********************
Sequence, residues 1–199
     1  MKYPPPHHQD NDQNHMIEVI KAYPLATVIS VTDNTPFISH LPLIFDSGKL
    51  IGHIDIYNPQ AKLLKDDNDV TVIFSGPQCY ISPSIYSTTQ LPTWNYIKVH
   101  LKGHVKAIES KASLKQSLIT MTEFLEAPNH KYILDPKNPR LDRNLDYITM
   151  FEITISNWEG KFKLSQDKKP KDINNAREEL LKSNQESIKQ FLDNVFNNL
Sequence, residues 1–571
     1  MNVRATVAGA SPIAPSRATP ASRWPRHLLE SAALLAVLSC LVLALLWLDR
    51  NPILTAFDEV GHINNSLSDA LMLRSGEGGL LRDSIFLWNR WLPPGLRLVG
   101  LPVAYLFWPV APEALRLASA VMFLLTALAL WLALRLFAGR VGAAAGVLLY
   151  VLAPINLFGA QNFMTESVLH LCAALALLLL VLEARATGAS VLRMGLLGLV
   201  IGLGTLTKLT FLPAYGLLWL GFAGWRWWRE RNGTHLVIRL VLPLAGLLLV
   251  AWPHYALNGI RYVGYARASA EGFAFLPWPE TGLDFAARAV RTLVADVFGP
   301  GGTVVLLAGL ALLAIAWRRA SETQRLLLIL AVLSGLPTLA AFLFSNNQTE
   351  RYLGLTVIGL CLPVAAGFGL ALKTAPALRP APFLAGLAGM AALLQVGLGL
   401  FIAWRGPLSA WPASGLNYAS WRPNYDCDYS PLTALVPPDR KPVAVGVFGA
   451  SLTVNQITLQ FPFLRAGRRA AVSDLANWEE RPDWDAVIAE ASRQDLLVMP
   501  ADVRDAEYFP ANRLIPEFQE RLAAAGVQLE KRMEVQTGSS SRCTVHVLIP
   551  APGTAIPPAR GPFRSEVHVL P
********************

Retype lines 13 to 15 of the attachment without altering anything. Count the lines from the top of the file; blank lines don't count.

   301  GGTVVLLAGL ALLAIAWRRA SETQRLLLIL AVLSGLPTLA AFLFSNNQTE
   351  RYLGLTVIGL CLPVAAGFGL ALKTAPALRP APFLAGLAGM AALLQVGLGL
   401  FIAWRGPLSA WPASGLNYAS WRPNYDCDYS PLTALVPPDR KPVAVGVFGA